Harnessing the Power of 4 Constraints: Shaping Member Behavior in Communities

Commune Community Lab Report #6

Recent research at the Commune Community Lab has focused on member motivation. As a result, findings such as “Driving Member Motivation: Autonomy, Competence, and Relatedness” and “Key Factors for Member Involvement in Community Management: Motivation, Ease of Execution, and Triggers” have been presented.

However, member actions are not solely triggered by individual psychological phenomena. This time, let’s shift our focus from the inside of the members to the outside.

What external environment determines the actions of members? In what environment can members enjoy the community more while community managers reap the benefits?


Community members’ actions require freedom, while appropriate constraints are necessary. Lawrence Lessig’s four elements constraining behavior in society (law, norms, market, architecture) are applied to define four constraint elements in communities.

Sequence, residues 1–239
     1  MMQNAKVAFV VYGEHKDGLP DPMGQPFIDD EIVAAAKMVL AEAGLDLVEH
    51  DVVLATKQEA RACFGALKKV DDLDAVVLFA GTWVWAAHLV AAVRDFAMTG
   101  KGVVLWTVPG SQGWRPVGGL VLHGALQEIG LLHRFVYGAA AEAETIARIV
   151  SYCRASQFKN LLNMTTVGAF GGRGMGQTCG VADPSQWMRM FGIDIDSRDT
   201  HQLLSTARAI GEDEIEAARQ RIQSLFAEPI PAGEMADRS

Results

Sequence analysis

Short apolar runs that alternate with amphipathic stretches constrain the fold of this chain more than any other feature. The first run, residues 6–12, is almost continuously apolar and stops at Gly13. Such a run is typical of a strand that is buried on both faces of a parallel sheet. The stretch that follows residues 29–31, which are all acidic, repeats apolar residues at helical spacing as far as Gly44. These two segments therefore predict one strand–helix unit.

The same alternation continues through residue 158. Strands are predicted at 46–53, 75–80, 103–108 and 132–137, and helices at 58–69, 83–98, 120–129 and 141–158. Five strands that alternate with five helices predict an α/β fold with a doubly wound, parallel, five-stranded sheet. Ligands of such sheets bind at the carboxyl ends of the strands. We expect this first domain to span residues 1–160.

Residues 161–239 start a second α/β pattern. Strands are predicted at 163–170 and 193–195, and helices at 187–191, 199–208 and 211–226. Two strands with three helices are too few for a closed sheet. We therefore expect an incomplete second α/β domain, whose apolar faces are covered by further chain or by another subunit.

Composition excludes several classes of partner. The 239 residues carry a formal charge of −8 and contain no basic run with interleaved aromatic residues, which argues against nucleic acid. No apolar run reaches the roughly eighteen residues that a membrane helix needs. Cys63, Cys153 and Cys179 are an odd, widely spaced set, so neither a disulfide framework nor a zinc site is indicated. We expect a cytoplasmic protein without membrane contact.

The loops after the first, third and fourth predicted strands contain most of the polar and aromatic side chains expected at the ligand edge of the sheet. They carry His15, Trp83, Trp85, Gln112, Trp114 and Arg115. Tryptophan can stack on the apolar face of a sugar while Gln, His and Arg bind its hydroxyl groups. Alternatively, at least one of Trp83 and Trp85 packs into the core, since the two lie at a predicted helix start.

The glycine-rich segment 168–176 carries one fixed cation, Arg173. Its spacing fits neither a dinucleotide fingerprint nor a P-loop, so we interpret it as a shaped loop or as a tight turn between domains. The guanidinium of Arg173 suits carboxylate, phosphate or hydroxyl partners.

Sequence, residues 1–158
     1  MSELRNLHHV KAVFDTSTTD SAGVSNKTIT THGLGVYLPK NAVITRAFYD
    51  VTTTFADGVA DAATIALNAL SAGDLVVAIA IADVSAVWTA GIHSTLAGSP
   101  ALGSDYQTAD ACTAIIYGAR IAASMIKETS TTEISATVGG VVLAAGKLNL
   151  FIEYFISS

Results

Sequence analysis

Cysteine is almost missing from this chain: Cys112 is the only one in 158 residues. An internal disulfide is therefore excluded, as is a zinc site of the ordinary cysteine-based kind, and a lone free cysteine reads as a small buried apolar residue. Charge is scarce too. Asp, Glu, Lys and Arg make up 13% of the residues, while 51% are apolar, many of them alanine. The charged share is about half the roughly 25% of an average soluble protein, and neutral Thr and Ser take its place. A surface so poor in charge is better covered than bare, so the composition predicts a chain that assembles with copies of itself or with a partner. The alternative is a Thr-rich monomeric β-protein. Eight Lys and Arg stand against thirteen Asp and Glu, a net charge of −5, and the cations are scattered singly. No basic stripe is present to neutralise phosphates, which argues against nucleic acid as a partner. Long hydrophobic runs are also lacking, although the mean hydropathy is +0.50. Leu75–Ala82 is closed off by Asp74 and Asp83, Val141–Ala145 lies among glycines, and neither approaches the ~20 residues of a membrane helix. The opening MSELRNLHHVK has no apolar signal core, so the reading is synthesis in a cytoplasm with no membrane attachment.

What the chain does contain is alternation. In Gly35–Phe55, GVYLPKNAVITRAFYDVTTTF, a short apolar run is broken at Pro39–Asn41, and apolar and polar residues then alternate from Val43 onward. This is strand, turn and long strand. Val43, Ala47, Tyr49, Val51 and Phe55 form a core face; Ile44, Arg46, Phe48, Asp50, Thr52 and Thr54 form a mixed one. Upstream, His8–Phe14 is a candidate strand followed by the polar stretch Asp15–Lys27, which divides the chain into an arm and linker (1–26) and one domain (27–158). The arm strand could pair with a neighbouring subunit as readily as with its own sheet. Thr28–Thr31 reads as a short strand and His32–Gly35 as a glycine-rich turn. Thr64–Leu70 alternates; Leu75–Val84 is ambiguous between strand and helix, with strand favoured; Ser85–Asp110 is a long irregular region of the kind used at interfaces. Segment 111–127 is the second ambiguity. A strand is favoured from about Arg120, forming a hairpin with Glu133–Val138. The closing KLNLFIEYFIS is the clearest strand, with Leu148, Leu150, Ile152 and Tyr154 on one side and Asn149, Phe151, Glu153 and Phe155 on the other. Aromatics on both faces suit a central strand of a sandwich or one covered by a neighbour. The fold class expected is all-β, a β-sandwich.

1. Rules: Explicit standards of behavior. Contributes to maintaining order, clarifying objectives, and facilitating communication.
  2. Culture: Implicit norms and behavioral tendencies. Contributes to shared values, a source of creativity, and differentiation from external entities.
  3. Incentives: Various rewards for actions. Contributes to motivation enhancement, healthy competition, and behavior optimization.
  4. Permissions: Granting access rights and titles. Contributes to role clarification, promoting autonomy, and demonstrating leadership.

Properly designing and operating these elements can guide community member actions in desirable directions while promoting overall community activation.

Considering constraints to enable freedom

Paradoxically, to enjoy freedom in a community, “constraints” are necessary. It’s often easier to take action within defined constraints than in a situation where anything goes.

For instance, in an online community where anything goes, it may paradoxically become difficult to generate posts. On the other hand, having a few predefined themes allows members to post freely within those constraints.

Even children’s play and sports rely on rules to function. Without constraints, people cannot fully enjoy their freedom. This is a generally accepted principle.